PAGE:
- If you have an allergy to eggs or any of the ingredients in the vaccine. Talk to your doctor about your allergy.
- If you ever had Guillain-Barré Syndrome (a severe paralyzing illness, also called GBS). Some people with a history of GBS should not get a flu vaccine. Talk to your doctor about your GBS history.
- If you are not feeling well, talk to your doctor about your symptoms.
Should I get the flu vaccine if I am allergic to eggs?
Most flu shots and the nasal spray flu vaccine are manufactured using egg-based technology. Because of this, they contain a small amount of egg proteins, such as ovalbumin. However, studies that have examined the use of both the nasal spray vaccine and flu shots in egg-allergic and non-egg-allergic patients indicate that severe allergic reactions in people with egg allergies are unlikely. A recent CDC study found the rate of anaphylaxis after all vaccines is 1.31 per one million vaccine doses given.
People with egg allergies can receive any licensed, recommended age-appropriate influenza vaccine (IIV, RIV4, or LAIV4) that is otherwise appropriate. People who have a history of severe egg allergy (those who have had any symptom other than hives after exposure to egg) should be vaccinated in a medical setting, supervised by a health care provider who is able to recognize and manage severe allergic reactions.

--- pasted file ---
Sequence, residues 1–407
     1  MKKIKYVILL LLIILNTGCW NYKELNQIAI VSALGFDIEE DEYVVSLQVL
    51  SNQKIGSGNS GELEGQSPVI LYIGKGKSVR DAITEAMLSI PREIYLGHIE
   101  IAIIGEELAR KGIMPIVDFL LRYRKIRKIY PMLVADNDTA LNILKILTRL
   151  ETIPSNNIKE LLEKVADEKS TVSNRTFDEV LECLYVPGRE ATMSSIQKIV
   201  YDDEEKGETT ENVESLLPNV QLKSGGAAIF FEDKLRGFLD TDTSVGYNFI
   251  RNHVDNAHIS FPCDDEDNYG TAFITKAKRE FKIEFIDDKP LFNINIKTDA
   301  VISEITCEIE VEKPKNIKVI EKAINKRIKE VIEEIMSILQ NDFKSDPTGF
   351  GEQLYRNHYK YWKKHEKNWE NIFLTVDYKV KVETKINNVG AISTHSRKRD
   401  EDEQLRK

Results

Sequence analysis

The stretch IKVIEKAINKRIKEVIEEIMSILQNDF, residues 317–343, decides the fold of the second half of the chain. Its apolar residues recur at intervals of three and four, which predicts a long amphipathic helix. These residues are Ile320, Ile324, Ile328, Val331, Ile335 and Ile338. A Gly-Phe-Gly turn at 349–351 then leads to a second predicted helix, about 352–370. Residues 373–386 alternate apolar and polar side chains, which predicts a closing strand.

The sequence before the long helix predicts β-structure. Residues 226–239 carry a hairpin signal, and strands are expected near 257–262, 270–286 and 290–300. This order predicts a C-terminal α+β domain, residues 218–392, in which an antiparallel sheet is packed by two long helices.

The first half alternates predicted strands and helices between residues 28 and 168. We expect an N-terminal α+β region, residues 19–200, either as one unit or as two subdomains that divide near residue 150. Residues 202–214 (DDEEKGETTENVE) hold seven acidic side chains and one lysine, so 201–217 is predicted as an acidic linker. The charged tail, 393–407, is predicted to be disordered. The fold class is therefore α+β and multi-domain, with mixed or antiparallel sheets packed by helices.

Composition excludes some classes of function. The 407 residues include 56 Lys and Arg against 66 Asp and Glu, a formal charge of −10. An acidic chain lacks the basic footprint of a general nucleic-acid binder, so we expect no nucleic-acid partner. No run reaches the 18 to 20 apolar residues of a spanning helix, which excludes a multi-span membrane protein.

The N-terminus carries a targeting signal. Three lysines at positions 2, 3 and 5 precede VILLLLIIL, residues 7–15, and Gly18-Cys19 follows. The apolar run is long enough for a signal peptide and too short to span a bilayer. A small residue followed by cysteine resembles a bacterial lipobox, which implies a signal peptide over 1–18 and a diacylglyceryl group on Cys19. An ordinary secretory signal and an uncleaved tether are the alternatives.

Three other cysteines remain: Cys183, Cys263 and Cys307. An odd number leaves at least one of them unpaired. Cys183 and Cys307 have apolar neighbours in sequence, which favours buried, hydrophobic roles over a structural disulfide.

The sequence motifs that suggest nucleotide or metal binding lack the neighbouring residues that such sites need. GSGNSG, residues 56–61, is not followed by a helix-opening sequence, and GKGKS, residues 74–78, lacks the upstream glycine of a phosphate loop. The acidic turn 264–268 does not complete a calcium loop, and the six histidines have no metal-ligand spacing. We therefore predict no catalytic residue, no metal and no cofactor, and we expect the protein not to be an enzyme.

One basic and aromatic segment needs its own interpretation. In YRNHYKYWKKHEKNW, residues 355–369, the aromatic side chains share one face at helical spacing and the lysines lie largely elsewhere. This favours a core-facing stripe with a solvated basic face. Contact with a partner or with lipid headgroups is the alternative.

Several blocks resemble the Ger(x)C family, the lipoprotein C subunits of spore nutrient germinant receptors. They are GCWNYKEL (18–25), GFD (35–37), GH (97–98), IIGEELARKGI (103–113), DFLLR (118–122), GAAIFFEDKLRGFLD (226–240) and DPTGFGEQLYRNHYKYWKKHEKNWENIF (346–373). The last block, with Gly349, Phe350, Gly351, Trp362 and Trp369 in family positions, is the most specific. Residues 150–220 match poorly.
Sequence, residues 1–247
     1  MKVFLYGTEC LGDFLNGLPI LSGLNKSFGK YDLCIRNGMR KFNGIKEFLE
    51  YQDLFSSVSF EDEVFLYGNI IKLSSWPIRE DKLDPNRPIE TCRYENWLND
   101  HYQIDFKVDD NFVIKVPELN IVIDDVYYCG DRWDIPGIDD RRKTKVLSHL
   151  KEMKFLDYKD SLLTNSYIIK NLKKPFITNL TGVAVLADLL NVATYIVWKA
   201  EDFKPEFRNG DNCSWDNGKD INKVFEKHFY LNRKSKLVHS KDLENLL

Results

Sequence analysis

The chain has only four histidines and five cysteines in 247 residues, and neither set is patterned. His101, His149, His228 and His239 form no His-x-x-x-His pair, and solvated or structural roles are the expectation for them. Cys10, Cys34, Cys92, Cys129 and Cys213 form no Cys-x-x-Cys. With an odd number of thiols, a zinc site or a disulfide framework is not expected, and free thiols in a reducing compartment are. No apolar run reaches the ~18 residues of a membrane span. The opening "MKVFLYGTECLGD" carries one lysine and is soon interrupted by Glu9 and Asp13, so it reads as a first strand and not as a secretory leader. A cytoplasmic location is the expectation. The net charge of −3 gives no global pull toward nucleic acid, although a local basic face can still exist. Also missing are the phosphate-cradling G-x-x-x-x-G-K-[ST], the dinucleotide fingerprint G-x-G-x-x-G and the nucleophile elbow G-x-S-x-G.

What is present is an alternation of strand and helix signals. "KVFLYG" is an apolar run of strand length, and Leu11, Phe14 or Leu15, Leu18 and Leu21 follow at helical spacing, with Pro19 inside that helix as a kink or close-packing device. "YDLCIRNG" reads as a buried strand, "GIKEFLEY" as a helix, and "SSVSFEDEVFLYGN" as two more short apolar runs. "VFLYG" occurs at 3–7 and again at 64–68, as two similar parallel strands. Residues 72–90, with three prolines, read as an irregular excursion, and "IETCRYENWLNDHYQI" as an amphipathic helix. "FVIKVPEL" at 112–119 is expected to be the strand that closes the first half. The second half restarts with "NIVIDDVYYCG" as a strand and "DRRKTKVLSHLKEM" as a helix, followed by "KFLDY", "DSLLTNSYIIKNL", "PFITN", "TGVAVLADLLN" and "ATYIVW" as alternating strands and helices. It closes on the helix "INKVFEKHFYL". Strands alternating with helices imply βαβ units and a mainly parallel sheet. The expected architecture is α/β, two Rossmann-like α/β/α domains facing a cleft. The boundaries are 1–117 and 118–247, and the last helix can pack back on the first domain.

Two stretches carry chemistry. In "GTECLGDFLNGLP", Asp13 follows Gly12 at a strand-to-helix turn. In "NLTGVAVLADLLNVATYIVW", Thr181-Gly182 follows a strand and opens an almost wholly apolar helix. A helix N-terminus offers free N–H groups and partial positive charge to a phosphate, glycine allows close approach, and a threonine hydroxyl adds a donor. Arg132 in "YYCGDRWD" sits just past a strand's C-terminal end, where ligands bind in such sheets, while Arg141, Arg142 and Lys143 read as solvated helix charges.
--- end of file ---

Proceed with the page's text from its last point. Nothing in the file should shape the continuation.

Two completely egg-free (ovalbumin-free) flu vaccine options are available: quadrivalent recombinant vaccine and quadrivalent cell-based vaccine.
How can I safely get the flu vaccine if COVID-19 is spreading in my community?
When going to get a flu vaccine, practice everyday preventive actions and follow CDC recommendations for running essential errands.
Ask your doctor, pharmacist, or health department if they are following CDC’s vaccination pandemic guidance. Any vaccination location following CDC’s guidance should be a safe place for you to get a flu vaccine.
- CDC COVID Data Tracker — CDC
- Kansas City hospitals overwhelmed, some forced to divert ambulances as COVID-19 cases jump — ABC News
- About Flu — CDC
- Frequently Asked Influenza (Flu) Questions: 2020-2021 Season — CDC
- People at High Risk For Flu Complications — CDC
- What are the benefits of flu vaccination? — CDC
- Who Should and Who Should NOT get a Flu Vaccine — CDC
- Flu Vaccine and People with Egg Allergies — CDC
- Interim Guidance for Routine and Influenza Immunization Services During the COVID-19 Pandemic — CDC